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Phylum Mollusca > Class Gastropoda > Family Naticidae
Sand collars of moon snails
Family Naticidae
updated Aug 2020
if you learn only 3 things about them ...
Although it feels plasticky and dead, the sand collar is full of living baby snails!
The size of the collar depends on the size of the mother moon snail.
When the baby snails hatch, the sand collar disintegrates.

Where seen? These frilly edged flat spirals are sometimes numerous on sandy shores, as well as seagrass areas.

What is a sand collar?
The sand collar is the egg mass of a moon snail. A moon snail lays her eggs at night. The eggs are laid singly in capsules which are embedded in a matrix of sand grains - a combination of mucus and sand which forms a gelatinous sheet that hardens. She lies at the center of the collar as she creates it, so the hole in centre of the collar may give an indication of the size of the mother snail.

It's alive! Although the collar feels hard, plasticky and appears dead, each collar can contain thousands of living eggs. When the eggs hatch, the collar disintegrates. Thus, an intact collar has living snails in it! Please don't damage the sand collars.

Unique collars: Can we tell which kind of moon snail laid the sand collar? One study suggests that each species of moon snail lays a consistently distinctive sand collar. With differences in the overall shape and size, number of coils, capsule size and packing density in different species.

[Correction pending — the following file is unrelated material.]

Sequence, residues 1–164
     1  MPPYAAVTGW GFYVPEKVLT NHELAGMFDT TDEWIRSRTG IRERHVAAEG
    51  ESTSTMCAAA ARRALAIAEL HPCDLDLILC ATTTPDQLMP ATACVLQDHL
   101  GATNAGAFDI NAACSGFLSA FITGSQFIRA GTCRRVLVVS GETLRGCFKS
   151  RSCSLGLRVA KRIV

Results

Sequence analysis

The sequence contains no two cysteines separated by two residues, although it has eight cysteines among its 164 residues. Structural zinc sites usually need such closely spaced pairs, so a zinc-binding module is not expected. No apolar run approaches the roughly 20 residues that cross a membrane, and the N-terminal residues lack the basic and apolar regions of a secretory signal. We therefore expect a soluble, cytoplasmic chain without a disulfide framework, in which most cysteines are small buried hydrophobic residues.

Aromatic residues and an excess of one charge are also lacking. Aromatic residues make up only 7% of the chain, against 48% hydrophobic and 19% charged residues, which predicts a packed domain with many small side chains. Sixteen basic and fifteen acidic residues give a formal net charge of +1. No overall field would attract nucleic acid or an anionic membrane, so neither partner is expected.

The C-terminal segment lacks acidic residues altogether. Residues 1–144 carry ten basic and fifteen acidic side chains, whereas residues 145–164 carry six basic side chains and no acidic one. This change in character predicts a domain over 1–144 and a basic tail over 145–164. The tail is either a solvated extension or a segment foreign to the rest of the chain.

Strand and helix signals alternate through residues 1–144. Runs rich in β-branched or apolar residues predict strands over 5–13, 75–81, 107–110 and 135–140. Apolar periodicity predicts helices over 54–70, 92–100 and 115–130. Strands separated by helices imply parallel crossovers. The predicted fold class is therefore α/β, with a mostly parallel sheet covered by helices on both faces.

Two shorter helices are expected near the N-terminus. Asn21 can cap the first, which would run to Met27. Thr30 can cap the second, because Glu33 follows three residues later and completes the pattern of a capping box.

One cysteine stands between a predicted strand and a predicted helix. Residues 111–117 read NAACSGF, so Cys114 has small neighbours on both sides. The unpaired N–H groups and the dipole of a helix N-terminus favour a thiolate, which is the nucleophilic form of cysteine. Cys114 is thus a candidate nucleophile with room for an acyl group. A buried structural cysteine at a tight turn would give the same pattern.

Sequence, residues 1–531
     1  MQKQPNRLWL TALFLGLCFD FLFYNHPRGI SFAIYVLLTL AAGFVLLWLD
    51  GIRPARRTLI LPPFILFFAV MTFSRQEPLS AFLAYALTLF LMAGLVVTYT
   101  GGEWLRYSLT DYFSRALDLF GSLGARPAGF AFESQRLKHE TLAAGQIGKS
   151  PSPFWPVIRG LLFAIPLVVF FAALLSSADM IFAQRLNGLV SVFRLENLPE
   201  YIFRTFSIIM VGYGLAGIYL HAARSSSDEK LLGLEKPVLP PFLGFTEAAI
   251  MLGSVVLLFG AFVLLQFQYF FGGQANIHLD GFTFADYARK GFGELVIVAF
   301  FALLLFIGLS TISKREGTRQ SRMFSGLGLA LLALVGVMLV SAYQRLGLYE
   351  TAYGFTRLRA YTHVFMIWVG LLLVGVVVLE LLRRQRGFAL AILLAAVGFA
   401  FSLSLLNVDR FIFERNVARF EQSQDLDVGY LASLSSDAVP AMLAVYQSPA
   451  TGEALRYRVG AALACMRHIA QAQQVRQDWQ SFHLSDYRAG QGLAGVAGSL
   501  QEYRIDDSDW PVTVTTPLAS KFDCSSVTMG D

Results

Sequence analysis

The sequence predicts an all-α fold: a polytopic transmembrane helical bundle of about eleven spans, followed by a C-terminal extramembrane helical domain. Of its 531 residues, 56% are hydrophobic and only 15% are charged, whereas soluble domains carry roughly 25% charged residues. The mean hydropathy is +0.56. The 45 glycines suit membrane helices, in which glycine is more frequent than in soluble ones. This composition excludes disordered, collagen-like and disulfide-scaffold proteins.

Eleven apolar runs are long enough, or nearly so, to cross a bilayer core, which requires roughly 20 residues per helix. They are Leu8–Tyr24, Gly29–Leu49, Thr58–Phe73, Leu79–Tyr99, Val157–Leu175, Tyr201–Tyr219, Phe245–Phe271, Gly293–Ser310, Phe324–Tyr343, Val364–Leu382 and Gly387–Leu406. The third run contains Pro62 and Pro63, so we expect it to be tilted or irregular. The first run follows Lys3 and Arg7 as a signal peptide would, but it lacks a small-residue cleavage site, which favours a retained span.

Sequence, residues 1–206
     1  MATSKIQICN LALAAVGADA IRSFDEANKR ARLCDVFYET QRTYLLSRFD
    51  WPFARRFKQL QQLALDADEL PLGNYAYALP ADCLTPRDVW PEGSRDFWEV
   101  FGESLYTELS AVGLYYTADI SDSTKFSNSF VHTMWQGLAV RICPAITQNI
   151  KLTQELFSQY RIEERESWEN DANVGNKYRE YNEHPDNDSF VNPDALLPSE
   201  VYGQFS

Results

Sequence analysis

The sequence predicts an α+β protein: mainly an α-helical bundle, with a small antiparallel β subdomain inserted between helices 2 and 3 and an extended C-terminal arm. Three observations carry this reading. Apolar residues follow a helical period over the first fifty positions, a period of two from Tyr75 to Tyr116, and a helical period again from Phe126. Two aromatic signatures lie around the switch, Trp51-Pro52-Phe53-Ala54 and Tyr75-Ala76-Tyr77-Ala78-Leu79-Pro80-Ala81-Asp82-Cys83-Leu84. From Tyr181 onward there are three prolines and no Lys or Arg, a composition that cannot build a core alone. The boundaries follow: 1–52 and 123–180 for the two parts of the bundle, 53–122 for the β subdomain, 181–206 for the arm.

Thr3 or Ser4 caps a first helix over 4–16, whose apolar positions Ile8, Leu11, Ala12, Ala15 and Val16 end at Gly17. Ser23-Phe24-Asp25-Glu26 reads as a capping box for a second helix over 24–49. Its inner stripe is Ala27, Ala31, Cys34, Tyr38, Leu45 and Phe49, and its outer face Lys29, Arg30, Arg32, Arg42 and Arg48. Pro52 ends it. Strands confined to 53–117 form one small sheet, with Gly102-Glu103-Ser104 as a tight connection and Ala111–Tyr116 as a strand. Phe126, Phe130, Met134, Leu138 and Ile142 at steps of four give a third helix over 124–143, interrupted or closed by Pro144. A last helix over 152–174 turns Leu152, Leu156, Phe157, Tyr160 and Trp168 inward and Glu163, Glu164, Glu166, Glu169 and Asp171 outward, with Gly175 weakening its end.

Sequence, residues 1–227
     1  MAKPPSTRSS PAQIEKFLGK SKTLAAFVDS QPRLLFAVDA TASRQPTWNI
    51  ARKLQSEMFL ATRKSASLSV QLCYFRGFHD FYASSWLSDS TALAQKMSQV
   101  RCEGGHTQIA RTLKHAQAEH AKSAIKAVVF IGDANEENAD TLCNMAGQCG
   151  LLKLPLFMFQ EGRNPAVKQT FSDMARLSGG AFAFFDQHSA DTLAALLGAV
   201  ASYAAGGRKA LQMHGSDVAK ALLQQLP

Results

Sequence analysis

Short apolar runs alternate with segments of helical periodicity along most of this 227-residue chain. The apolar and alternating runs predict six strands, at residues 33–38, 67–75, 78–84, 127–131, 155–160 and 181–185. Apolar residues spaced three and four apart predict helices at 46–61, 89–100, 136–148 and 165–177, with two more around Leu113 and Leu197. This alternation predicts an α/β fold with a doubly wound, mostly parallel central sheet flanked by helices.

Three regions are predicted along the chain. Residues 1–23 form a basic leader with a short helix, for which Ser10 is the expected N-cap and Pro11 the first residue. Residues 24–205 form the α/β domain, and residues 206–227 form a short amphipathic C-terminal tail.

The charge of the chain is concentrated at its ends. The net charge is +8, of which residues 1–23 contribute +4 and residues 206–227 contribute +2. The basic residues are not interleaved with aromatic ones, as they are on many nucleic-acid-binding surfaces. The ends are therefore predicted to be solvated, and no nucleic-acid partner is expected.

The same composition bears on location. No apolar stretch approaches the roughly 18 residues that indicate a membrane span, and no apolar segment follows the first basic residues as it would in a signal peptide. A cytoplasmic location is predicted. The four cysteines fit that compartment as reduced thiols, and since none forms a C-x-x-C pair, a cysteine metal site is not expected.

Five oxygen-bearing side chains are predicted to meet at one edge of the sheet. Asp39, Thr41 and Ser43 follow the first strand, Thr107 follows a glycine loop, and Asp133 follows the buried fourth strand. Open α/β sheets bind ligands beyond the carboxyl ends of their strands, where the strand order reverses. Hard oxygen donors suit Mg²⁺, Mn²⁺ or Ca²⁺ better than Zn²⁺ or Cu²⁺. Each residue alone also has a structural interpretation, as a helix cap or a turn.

Pulau Sekudu, Jul 03

Chek Jawa, Nov 04

Pulau Sekudu, Jul 08

Sand collars on Singapore shores
On wildsingapore flickr

Links References
  • Dun-Ru Kang et al. Egg-collar morphology and identity of nine species of Naticidae (Gastropoda) in Taiwan, with an assessment of their phylogenetic relationships. November 2018. Journal of Molluscan Studies 84:354-378 DOI: 10.1093/mollus/eyy041
  • Tan, K. S. & L. M. Chou, 2000. A Guide to the Common Seashells of Singapore. Singapore Science Centre. 160 pp.
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